A year or so later I started getting my union cards. I got my Equity Card here at Capital Rep 13 years ago when I did To Kill A Mockingbird. Then I got a film and got my Screen Actors Guild card.

At the time I had no clue that these were things some people take decades to acquire. People had to tell me, "Noooo, you are on a lucky streak." I've been very blessed.

You lived in New York City for a while. Why did you move back to the Capital Region?

I moved back here when my daughter was born. I didn't want to raise her in NYC, I wanted to raise her around family. I live in downtown Troy now. My wife is from Troy, but my family is still in Albany.

I'd really like to put together a film project to shoot in Arbor Hill. Hopefully the right project will come along so that I can go in and show off Arbor Hill in a positive way. It really is a great community in a lot of ways. It gets a bad rap of course, because it is an impoverished part of the city, but there are great people that have come from there and there are still great people there. And just because people are economically disadvantaged doesn't mean they are derelicts of society and don't have culture. There is a rich culture there that can be tapped into and should be exposed.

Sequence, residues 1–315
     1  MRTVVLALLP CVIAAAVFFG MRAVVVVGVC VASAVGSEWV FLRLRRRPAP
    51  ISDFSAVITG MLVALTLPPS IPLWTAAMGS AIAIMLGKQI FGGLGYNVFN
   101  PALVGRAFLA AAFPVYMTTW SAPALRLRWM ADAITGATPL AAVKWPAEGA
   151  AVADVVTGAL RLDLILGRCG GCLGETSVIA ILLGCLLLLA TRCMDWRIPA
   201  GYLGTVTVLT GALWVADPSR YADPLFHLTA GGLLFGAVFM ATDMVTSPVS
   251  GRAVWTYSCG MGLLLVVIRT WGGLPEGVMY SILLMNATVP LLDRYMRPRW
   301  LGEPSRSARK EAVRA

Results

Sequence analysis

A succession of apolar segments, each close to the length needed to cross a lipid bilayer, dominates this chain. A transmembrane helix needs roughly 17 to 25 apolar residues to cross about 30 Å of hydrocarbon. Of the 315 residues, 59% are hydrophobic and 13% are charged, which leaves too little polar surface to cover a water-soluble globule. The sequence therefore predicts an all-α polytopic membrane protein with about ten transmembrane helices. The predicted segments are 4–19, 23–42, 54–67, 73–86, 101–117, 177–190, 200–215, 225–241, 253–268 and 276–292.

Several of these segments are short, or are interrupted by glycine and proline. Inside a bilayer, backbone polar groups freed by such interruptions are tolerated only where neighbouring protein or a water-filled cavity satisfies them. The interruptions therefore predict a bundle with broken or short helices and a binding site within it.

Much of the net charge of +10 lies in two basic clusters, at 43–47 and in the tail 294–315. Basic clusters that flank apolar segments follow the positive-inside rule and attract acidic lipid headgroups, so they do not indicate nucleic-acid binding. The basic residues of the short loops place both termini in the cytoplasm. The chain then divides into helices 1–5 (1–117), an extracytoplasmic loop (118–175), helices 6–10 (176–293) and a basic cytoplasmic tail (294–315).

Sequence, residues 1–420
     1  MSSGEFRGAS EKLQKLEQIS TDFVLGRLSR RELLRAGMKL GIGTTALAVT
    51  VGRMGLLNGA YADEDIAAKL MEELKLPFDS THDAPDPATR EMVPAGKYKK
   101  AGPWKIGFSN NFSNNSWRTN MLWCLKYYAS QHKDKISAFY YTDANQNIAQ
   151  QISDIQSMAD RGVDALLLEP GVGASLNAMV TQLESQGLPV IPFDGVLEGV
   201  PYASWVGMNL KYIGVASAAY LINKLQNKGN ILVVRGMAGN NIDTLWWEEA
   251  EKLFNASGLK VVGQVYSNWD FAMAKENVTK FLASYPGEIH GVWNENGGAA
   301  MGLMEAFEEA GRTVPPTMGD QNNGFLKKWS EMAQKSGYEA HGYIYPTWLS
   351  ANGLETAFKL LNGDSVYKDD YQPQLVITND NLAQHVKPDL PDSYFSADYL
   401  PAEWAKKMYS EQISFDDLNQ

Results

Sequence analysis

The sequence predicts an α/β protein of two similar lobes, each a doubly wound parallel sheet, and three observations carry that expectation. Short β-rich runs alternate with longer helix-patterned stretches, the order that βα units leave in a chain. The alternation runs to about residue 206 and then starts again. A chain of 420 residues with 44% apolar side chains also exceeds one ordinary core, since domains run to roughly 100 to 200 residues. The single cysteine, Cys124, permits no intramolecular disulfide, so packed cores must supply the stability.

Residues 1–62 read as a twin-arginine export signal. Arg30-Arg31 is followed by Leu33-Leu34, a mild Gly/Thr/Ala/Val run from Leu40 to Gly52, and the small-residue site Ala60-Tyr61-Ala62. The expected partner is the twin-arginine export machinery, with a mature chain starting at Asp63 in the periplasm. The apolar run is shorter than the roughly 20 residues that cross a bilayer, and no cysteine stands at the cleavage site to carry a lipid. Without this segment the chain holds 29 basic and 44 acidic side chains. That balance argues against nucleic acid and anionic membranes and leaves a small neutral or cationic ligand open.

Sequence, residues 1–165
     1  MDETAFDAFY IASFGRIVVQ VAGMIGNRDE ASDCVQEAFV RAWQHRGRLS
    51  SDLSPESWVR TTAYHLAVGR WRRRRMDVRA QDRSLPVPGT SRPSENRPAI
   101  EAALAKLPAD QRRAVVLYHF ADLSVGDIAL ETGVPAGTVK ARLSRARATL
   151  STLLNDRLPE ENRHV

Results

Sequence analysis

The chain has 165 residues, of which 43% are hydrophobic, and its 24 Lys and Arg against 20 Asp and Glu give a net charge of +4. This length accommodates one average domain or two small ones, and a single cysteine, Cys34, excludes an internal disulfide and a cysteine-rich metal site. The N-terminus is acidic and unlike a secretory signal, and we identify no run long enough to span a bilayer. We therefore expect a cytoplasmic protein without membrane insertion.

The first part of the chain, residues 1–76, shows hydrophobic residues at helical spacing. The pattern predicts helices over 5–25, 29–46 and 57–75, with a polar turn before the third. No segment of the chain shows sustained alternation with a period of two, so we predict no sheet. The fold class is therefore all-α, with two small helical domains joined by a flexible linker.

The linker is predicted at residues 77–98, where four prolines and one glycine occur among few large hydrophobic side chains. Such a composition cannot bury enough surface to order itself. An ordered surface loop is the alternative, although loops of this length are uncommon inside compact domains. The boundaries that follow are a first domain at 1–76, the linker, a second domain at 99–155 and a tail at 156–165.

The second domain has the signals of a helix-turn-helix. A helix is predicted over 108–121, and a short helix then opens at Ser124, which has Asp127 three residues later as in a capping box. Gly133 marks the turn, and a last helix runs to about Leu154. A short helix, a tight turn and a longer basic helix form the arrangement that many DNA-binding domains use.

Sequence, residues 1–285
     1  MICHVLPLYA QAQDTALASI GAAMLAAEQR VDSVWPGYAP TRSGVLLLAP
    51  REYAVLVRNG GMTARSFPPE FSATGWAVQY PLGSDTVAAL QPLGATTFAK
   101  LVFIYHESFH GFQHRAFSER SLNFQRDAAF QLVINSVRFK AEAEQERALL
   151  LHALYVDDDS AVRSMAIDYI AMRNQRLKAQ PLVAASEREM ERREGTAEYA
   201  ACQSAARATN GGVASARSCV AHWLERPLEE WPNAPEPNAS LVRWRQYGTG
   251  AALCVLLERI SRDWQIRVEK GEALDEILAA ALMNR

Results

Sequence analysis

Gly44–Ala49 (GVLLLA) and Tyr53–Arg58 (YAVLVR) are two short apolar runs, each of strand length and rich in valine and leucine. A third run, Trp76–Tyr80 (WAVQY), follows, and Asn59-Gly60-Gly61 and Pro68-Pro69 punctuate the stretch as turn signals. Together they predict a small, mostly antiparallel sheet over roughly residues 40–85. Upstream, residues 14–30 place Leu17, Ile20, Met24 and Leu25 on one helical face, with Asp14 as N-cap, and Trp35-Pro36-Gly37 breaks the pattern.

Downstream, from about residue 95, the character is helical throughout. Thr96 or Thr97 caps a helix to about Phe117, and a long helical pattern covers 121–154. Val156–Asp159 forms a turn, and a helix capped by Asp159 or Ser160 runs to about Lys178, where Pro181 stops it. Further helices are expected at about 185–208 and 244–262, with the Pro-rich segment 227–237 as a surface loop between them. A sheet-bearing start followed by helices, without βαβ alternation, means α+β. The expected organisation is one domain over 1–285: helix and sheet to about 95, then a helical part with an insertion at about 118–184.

So how do you manage to work as an actor and film producer in this region?

I write, produce, direct, do video editing and some sound work. I teach a film class with the Albany School of Humanities and taught one for Albany Prep. I'm an online teacher for voice coaches and I've been a teacher artist for 11 years straight with Symphony Space in New York. My schedule is pretty much always full, but I never really feel like it, because I just love what I do.

I'll travel anywhere. I work both coasts. There's a film on the festival circuit -- This Life Ain't Pretty -- that I'm one of the leads in, that we filmed out in Illinois.